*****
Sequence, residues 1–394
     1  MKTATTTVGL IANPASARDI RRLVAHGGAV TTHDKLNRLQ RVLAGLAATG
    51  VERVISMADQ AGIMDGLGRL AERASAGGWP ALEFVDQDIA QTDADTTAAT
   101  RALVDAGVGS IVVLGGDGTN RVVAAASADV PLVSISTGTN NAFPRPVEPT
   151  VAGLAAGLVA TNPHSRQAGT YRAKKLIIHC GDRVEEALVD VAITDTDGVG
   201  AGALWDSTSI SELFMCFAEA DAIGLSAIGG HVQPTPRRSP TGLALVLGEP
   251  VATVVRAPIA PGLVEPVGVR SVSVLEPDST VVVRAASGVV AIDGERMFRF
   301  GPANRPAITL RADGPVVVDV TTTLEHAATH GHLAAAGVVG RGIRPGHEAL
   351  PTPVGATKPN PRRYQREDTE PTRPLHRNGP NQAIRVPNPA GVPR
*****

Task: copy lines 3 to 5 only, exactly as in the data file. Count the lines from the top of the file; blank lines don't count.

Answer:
    51  VERVISMADQ AGIMDGLGRL AERASAGGWP ALEFVDQDIA QTDADTTAAT
   101  RALVDAGVGS IVVLGGDGTN RVVAAASADV PLVSISTGTN NAFPRPVEPT
   151  VAGLAAGLVA TNPHSRQAGT YRAKKLIIHC GDRVEEALVD VAITDTDGVG